that merges into the main caudex, and stiff
periods of dormancy. There are generally two
cylindrical branches usually about 4 inches
periods of dormancy, a long one during the
long, but occasionally one will be twice as
late fall and winter (mid November through
long.
the end of February) and a shorter one during
the peak of the summer heat (a few weeks in
Euphorbia fusca, will produce secondary
August and September). The arrival of the
heads quickly. These can be removed to start
summer one is harder to predict, and over-
new plants.
watering in late summer can result in root rot.
In spit of the sensitivity, most of the Medusoid
Euphorbia gorgonis is another species from
Euphorbias do well as unprotected pot plants
Cape Province near Grahamstown. The
outdoors in Southern California during the
caudex is mostly subterranean. It has short
winter.
tuberculate branches that turn red in strong
light.
It’s nearly impossible to find seed for most of
the Medusoid euphorbias; in general, the
Euphorbia woodii is from Natal, but similar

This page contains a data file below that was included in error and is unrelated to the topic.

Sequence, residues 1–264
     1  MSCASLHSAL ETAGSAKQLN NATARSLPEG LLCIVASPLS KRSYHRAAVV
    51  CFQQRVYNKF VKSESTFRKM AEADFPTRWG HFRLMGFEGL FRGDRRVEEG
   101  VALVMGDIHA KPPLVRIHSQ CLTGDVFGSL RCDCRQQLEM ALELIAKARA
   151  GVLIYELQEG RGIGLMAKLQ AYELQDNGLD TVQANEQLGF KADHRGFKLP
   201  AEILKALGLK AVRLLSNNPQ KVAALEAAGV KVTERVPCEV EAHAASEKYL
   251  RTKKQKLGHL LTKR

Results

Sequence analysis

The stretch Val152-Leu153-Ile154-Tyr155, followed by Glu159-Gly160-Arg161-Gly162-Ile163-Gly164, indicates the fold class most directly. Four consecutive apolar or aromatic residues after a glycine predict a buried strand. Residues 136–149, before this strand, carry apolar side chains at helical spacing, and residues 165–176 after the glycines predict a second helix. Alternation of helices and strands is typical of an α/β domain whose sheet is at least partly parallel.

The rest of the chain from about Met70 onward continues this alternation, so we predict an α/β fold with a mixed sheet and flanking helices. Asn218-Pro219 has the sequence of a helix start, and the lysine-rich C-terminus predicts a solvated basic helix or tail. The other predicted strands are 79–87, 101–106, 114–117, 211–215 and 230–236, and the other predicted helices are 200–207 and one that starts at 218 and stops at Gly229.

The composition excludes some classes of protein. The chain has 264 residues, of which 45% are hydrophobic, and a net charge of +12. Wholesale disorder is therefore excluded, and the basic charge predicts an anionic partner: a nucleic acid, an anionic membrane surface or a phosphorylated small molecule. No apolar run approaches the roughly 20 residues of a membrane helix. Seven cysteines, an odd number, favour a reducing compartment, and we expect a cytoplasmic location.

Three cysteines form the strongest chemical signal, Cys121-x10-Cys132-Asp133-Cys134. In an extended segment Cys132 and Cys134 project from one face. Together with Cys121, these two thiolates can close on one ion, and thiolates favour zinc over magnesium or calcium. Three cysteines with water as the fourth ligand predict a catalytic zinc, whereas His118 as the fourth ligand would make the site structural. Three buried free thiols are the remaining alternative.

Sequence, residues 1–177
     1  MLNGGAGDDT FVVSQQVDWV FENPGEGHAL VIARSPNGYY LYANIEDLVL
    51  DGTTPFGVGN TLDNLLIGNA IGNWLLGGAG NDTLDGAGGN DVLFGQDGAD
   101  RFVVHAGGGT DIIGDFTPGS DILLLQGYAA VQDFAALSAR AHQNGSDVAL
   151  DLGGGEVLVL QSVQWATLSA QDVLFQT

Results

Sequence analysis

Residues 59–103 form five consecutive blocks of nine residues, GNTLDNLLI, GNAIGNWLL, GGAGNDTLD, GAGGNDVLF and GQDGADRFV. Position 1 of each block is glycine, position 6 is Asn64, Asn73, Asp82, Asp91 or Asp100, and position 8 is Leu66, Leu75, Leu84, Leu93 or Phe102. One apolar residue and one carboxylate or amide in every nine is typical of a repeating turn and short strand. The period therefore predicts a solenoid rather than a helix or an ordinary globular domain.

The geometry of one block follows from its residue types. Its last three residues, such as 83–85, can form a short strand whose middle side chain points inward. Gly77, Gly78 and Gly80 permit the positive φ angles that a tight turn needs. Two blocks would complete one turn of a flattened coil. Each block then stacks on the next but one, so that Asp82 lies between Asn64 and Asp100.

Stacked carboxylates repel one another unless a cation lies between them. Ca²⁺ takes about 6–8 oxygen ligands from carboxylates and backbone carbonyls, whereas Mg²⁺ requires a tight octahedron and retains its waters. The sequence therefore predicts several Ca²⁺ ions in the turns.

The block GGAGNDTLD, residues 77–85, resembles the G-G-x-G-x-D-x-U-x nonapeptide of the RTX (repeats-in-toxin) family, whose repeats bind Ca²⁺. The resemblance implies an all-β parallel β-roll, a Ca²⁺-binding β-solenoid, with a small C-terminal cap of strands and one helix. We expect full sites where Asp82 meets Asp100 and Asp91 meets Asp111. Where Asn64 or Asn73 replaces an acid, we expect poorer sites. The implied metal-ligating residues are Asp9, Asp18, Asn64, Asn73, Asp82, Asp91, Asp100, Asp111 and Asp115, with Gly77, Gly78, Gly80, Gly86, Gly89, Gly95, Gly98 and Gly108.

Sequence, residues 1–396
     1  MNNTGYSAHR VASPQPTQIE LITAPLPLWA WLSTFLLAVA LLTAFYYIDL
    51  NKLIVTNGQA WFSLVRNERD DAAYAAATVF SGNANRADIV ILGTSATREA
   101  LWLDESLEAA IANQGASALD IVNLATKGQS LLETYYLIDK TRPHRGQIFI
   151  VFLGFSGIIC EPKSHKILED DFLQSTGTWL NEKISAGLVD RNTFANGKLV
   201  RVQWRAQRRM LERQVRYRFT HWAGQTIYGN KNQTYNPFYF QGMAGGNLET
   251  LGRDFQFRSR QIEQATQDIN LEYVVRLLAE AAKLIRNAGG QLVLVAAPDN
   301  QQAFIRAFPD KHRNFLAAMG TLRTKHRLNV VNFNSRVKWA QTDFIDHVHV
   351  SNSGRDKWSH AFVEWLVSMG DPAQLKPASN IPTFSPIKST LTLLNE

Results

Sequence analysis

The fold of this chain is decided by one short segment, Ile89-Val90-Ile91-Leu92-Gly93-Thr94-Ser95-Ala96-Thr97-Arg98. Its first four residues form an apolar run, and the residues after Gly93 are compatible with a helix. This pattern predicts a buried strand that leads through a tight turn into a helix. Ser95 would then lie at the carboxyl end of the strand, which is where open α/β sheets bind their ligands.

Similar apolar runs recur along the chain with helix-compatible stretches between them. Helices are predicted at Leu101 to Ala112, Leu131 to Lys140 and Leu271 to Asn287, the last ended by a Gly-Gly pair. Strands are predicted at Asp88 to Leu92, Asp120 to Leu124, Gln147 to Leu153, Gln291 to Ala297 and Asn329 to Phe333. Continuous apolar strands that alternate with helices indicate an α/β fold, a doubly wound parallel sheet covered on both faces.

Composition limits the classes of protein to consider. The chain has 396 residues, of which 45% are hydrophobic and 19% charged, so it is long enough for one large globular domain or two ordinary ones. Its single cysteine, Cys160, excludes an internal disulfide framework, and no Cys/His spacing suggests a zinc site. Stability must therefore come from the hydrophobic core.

seed is short lived (months). Vegetative
to Euphorbia flanaganii in appearance. Most
propagation is easier. Most Medusoid
of the caudex and a large turnip like root are
euphorbias can be propagated from arm
subterranean.
cuttings, although an extended period will be
required before the plant is worth showing.

3
Cactus points as of May How Points are earned
Jan-April May
Alsobrook, Ronald Attend Board meeting as a member of
Askew, Dick 45 15
Askew, Liz 55 20
the Board or invited club member
Bailey, Holly 30 0
Bernikow, Iris 80 15 Come early or stay late and help with
Betzler, Joey 60 20
Bishop, H.C. set up or clean up.
Brenner, Marilyn 45 10
Brenner, Michael 45 10
Brown, Audrey
Put on a program or become involved
Cadette, Don 60 15 with doing something extra special at
Cadette, Jeannie 75 15 the meeting.
Campbell, Ken 30 10
Cole, Mary Ann
Deadrich, Paul 45 10 Make a contribution to the newsletter
Doyle, Leslie 5
Duncombe, Pete 60 10
and/or web site.
Dutch, Irma 45 10
Furtek, Bob 30 10 Show up at monthly meetings.
Fusaro, Mindy
Fusaro, Pat
Garcia, Tom 75 15 One of the year end rewards is a paid-
Garrett, Paula 40 10
Holmes, Rick 30
up membership to the Springs
Horvitz, Tom Preserve: a family membership for our
Hupy, Rusty 15 Gold winners and an individual
Jones, Susan 20
Kent, Susan 55 25 membership for our Silver winners.
Kleinman, Mary
Kleinman, Sol
Korabell, Stan 10
Lawton, Mary 30 10